Baghdad bombs kill 17 as Iraq fights to regain Mosul from ISIS

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An Iraqi Christian prepares for the first Sunday mass at the Grand Immaculate Church since it was recaptured from Islamic State in Qaraqosh, near Mosul in Iraq October 30, 2016. REUTERS/Ahmed Jadallah TPX IMAGES OF THE DAY - RTX2R30Y

An Iraqi Christian prepares for the first Sunday mass at the Grand Immaculate Church since it was recaptured from Islamic State in Qaraqosh, near Mosul in Iraq on Oct. 30, 2016. Photo by Ahmed Jadallah/Reuters

Explosions in Iraq’s capital on Sunday killed at least 17 people and was possibly one of many retaliatory efforts to come in the country’s attempt to reclaim the city of Mosul from the Islamic State, according to news reports.

The blasts mainly targeted neighborhoods in Baghdad that are predominately Shiite, which make up Iraq’s majority. The latest was a car bomb that was parked in the northwestern neighborhood of Hurriyah at a popular food and vegetable market, according to the Associated Press.

While there were no immediate claims for responsibility, the Islamic State has stepped up attacks after Iraq put into action about two weeks ago its long-anticipated plan to take back Mosul, its second largest city with about 1.5 million residents left. Mosul is the Islamic State’s last major stronghold in the country.

The explosions also came a day after thousands of Shiite militia joined Kurdish peshmerga fighters and Iraqi troops in the effort, according to Reuters.

Their aim is to take over the town of Tal Afar, about 35 miles west of Mosul, to cut off the Islamic State from using it as a place to retreat or get reinforcement from Syria.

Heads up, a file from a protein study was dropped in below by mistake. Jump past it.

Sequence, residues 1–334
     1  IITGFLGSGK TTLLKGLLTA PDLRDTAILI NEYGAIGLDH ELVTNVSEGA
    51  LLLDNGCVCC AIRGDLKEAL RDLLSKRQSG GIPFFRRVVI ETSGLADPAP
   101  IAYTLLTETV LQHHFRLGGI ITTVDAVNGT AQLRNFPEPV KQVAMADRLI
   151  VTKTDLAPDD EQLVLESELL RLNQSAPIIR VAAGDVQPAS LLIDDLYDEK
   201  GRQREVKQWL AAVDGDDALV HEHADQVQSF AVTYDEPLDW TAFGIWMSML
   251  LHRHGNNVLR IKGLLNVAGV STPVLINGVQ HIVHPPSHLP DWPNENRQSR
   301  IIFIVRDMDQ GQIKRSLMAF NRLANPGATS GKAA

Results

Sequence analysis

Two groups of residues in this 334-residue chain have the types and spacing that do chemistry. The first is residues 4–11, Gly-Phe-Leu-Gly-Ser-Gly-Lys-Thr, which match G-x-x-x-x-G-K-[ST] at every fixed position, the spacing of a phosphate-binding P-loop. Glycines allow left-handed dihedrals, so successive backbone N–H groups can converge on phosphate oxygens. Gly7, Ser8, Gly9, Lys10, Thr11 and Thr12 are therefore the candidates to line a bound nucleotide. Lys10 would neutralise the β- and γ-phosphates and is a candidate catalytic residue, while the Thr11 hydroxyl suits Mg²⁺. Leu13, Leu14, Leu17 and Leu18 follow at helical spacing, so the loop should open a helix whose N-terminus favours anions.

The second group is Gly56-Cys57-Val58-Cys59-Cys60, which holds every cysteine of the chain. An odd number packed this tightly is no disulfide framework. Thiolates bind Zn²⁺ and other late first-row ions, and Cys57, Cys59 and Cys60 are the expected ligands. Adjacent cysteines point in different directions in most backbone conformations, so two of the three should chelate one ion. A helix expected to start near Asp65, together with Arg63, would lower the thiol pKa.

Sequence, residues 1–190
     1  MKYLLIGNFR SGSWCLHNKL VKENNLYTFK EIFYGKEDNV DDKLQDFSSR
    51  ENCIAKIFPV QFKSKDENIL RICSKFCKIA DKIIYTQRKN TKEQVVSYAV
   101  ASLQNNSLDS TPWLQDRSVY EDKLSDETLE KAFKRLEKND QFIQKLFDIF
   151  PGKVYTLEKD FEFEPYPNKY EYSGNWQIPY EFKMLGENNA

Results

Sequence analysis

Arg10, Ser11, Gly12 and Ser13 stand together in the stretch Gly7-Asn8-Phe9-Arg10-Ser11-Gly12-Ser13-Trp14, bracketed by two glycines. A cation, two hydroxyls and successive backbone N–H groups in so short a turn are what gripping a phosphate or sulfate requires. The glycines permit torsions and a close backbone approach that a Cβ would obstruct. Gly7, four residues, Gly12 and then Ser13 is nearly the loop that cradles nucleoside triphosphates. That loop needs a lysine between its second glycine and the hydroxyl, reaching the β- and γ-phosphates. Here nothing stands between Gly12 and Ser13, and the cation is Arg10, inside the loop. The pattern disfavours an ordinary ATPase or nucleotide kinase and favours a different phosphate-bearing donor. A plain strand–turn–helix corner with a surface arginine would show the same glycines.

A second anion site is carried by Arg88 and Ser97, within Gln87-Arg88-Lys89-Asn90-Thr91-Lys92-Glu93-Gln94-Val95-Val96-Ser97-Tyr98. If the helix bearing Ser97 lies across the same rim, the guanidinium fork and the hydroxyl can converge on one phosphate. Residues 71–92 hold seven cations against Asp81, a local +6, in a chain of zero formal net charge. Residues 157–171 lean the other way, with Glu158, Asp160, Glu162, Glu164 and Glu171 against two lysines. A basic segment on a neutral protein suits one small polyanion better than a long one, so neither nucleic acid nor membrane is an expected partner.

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But the attempt to reclaim Mosul could be one of the toughest battles since the 2003 overthrow of Saddam Hussein, which brought the Shiites to power, according to Reuters.

“The battle of Mosul will not be a picnic. It needs time, it needs precision, it needs a deep breath,” said Hadi al-Amiri, head of the Badr Organisation, the most powerful political group within the organized effort. “We are prepared for the battle of Mosul even if it lasts for months.”

The Iraqi military told the AP that there are over 40,000 army units, militarized police, and special forces trying to fight the Islamic State.

And the U.S. military, which in recent months deployed more than 1,100 troops to help with logistics on top of the 4,000 that were already in Iraq, estimates that there are up to 5,000 Islamic State fighters inside Mosul and as many as 2,500 around it.

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